Why we homeschool….. I figured it was time for this post. ;-) We are on our 7th month of homeschool and finally figuring out what works for us and what doesn’t….. and I’m sure there will be plenty more to learn as this year goes on. I would say that the majority of this year has been just that: figuring us out.
If I were to be honest, we’ve done a more UNschooling kind of homeschool than anything else. I think we just naturally lean that way. Right now I prefer to focus on Dylans reading, writing, math, and thinking skills more than anything else. I figure the rest will come from natural curiousity as he gets older and we lay down more of a routine to see where it fits in. I am a firm believer in the idea that if you can read well, you can learn anything. The things I have learned and retained the most didn’t come from sitting in classes in school…. it came from my own curiousity and reading about it myself until I was content with what I had learned.
Homeschooling had been on my heart YEARS before Dylan was to start school. I thought it was fun teaching him stuff on my own at home and knowing that I had contributed to his education and started the foundation for early learning. I thought, “If I can give him a good foundation, why can’t I keep building on it instead of sending him to someone else to build on it?” Now, disclaimer here: I’m not against people who send their kids to public school. ;-) It just wasn’t for us, maybe in the same way you’re reading this and thinking homeschool isn’t for you. I won’t even say that everyone SHOULD homeschool, but I will say that (almost) everyone COULD homeschool. I’ve been amazed at the different stories of homeschoolers that I’ve read….. there truly are as many different ways to homeschool as there are families who homeschool. There is no cookie cutter method. Even if you use the same curriculum or theory as someone else, you’re going to implement it differently. This is why I love the option of homeschool over public school. Kids aren’t cut from a mold and all learn differently. Learning at home offers the opportunity to focus on their learning styles, and at the pace they learn. If they excell in something, then we can move ahead faster. If they are struggling with something, we can slow down until they truly GET IT, instead of just learning the right answer and not knowing why.
I also like the ability to see them learn, to see the lightbulb turn on, to see the wheels turning, to see when something just CLICKS and they get totally excited over it. I am jealous for my kids time and I want to have those moments, not someone else. I say I am jealous for my kids time, but if you know me, you also know I would love more time to myself. That is the always delicate not-so-well-balance you struggle with when you choose to homeschool. Hours in a row of time to myself (when they’d be in school) goes out the window. I won’t lie and say that I relish every waking moment with all three of them at home….. yes, there are days when I sit down and think “you do realize don’t you that they could ALL be in some form of school ALL DAY LONG at this point???” It’s a balance, one I’ve not yet perfected. But the trade off to me is worth it, even on the rough days.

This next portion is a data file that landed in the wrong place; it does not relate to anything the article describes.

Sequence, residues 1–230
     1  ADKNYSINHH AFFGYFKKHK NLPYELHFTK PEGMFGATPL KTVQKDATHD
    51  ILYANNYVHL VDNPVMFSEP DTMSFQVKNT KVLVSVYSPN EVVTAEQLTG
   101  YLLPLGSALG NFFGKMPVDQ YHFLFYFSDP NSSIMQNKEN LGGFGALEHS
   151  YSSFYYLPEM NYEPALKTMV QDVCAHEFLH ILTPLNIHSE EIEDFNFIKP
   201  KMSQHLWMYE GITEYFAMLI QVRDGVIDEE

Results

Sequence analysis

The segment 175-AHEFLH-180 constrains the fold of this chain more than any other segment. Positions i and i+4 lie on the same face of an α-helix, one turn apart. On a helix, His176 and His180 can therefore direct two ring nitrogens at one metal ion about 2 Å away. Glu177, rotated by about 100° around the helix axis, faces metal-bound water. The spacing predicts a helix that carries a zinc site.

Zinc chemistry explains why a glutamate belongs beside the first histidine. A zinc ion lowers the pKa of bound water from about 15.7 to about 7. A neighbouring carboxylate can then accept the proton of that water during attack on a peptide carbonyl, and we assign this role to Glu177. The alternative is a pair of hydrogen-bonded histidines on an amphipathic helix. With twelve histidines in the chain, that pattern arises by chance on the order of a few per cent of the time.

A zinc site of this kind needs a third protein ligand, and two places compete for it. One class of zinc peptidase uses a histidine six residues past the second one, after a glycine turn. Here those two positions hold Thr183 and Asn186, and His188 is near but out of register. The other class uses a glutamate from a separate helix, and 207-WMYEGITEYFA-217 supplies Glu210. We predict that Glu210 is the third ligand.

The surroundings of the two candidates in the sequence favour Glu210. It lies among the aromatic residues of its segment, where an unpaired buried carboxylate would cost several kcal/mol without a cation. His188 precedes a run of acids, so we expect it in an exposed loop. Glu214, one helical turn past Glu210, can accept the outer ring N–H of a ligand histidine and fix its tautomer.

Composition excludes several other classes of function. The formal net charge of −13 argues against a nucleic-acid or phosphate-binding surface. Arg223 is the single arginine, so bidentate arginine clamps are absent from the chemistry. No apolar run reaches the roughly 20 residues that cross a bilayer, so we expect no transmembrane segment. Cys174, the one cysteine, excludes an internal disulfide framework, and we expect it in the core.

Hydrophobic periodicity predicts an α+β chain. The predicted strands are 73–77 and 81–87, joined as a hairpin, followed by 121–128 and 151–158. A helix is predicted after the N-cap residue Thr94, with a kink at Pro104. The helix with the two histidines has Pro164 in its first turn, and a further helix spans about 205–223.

I know to some this next part is going to sound controlling and legalistic, and that’s okay. I know it may spark nasty comments, and that’s okay too. Because it won’t matter. ;-) I truly feel that we are called to homeschool, for OUR family. I am excited that my kids won’t grow up too soon or learn about things in school that I would rather teach them ….. things that have nothing to do with a school education and everything to do with sex education, drug education, religious education, etc. You see where I’m going. ;-) I want to be able to have them openly talk about God when they want and not be shhh’d at school about it. A dear friend of mines son used his bible during free reading time in class and was asked to put it away…. because he wasn’t allowed to read it during school FREE READING TIME. I remember being in 6th grade and the same thing happening to me. I remember feeling shamed and embarrassed…. for reading my bible. While my kids are still so young, I want them to be encouraged in their faith….. not discouraged.
And now the best part….. the way we do school on a daily basis. Some days we don’t actually DO school…..as in workbooks or worksheets or lesson plans. Some days its talking more in depth about something that they like, explaining how 1/4 and 1/4 makes 1/2 when measuring, watching a documentary on Yellowstone National Park, Ben Franklin, Africa, or Beast of The Sea….. school doesn’t have to be sitting down at a desk everyday. I count a day successful if they go to bed having learned more than they woke up knowing…. no matter what it is. Sure it helps to keep up on reading and math, but again…. it doesn’t have to be a strict curriculum. I’ve found the best learning comes from watching and doing and talking about it. Dylan is 6 and already knows how to divide in his head based on conversations….not from a worksheet. I LOVE that! And at home he has the freedom to write in cursive handwriting, where in Kindergarten he was discouraged from that.
So, if you ever wonder what we do for school, now you know a little bit more. And remember, we’re still figuring it out. ;-)